Substance Abuse & Students with Disabilities: Little Known Facts
Substance Abuse Resources & Disability Issues (SARDI)
SARDI is funded by the National Institute on Disability and Rehabilitation Research (NIDRR)
Did you know?
- Alcohol-related accidents are the leading cause of death among students 15 to 24 years old
- Alcohol use is a major cause of disabilities for 20-21 year olds.
- Alcohol abuse rates for people with disabilities may be twice as high as the general population.
- 40-80 percent of traumatic brain injury patients are injured while intoxicated.
- 40-80 percent of spinal cord injuries are related to substance abuse.
- Students with attention deficit hyper-activity disorder are at elevated risk for alcohol and other drug abuse.
- Alcohol & other drug abuse significantly increases the risk for HIV infection among college students.
What are the warning signs?
- Concern expressed about substance use by friends, classmates, instructors.
- Using "social drugs" with prescribed medications.
- Using alone.
- Focus on disability to exclusion of other aspects of self.
- Pattern of absences or lateness because of substance use.
- Declining or inconsistent academic performance.
- Use of large quantities without appearing intoxicated.
- Frequent intoxication or intentional heavy use.
- Recurring hangovers or blackouts.
What to look for?
- Recurring physical injuries.
- Recurring bladder infections.
- Bed sores.
- Frequent colds, sore throat, coughing.
- Consistent run down condition.
- Anxious behavior.
- Change in friends.
- Mood swings & personality changes.
What are the special risks for students with disabilities?
- Misidentification & Enabling. Professionals, family, friends, and attendants tend to focus on the disability, missing the warning signs of substance abuse. Also they tend to be lenient toward use by students with disabilities or to encourage use as a compensation for one's disability. (e.g." She's disabled, give her a break. If I had a disability, I would drink too.")
- Prescribed Medications. It is common for students with disabilities to take 2 or more prescribed medications and to have easy access to other drugs. Prescription medication abuse as well as the danger in mixing medications with alcohol and other drugs can be easily overlooked.
- Constrained Socialization Opportunities. Since alcohol is a common facilitator of college social interactions, students with disabilities may have particular difficulty finding drug-free social alternatives.
- Family of Origin. Research suggests that students with disabilities have a higher rate of parental alcoholism than other students. Parental alcoholism is one of the strongest predictors of substance abuse.
- Physical & Attitudinal Inaccessibility. Some programs have not had sufficient experience with students with disabilities to understand how to make their services fully accessible. Very few professional programs specialize in prevention or treatment for students with disabilities.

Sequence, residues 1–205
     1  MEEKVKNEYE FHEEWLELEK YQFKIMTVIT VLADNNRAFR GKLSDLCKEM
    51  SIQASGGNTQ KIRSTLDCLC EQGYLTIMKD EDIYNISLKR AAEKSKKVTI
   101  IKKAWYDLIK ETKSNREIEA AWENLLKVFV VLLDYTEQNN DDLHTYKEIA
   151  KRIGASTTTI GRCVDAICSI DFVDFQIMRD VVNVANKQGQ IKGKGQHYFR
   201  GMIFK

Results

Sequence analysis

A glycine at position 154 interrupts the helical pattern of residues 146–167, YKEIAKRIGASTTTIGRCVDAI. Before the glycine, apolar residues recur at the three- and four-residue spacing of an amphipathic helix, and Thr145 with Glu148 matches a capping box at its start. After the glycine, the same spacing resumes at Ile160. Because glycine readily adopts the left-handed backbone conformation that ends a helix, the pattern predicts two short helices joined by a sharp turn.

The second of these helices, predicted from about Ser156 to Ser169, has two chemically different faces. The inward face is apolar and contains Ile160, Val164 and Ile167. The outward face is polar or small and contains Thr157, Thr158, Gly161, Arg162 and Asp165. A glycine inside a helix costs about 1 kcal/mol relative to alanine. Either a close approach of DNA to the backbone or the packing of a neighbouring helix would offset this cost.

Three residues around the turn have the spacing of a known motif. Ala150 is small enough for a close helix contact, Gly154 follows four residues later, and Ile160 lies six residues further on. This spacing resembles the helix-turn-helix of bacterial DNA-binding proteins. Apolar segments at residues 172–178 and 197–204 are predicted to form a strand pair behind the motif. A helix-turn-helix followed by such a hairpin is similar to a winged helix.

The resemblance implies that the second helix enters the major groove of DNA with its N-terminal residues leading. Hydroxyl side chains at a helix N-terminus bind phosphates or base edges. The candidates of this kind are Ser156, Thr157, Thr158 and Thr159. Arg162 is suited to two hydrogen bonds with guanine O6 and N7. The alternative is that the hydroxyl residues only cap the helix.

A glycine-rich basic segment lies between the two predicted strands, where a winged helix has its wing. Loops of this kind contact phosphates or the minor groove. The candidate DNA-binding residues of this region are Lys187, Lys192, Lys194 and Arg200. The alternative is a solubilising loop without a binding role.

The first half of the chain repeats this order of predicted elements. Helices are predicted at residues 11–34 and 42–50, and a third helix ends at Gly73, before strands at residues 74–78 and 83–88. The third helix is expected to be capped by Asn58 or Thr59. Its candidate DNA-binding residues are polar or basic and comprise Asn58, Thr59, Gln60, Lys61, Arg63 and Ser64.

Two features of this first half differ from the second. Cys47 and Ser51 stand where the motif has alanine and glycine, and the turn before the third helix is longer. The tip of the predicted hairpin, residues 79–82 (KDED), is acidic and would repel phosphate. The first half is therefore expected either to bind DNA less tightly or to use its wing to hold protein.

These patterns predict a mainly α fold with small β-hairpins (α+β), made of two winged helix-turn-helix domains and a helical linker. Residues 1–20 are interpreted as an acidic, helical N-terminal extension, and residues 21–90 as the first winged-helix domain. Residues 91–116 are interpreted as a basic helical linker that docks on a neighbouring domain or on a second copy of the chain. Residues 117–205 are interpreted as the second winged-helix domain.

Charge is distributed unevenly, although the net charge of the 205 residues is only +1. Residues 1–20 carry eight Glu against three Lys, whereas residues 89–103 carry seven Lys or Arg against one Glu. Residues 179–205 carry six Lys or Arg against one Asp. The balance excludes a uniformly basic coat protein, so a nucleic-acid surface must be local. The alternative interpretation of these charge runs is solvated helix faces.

While substance abuse is recognized as a national problem, substance abuse among students with disabilities often is not recognized or included in prevention efforts. It is important that you know the special risks related to substance abuse, and have access to help, activities, and services on campus. It is also important to let people know of your needs that are not being met.
- Know your medications and their interactions with alcohol & other drugs.
- Ensure that your assistants are sober & clean while attending to your needs.
- Support a healthy lifestyle.
- Take the first step in getting help.
- Get involved in university activities.
- Utilize campus services such as counseling or health services when needed.
- Advocate that prevention and treatment services be fully accessible to students with disabilities.
What do I do?
If you think that someone you know is abusing alcohol and other drugs, it is important to be supportive, open and honest. You might begin by simply stating in a clear, non-accusing manner (e.g. "I have noticed that you miss a lot of Monday classes after weekend parties").
If the person responds positively, listen and ask how you might be of assistance. If the person doesn't see his/her use of substances as problematic, you may want to share your observations and your concerns. It is important for the person to see and experience consequences, so it is not beneficial to help deny or cover up these problems.
Realize that it is up to the individual to choose to get help. Continue to communicate your care and willingness to help.
- Alcohol Abuse Crisis Center: (800) 333-2294
- Drug Abuse Action Helpline: (800) 888-9383
- Children of Alcoholics: (800) 553-7160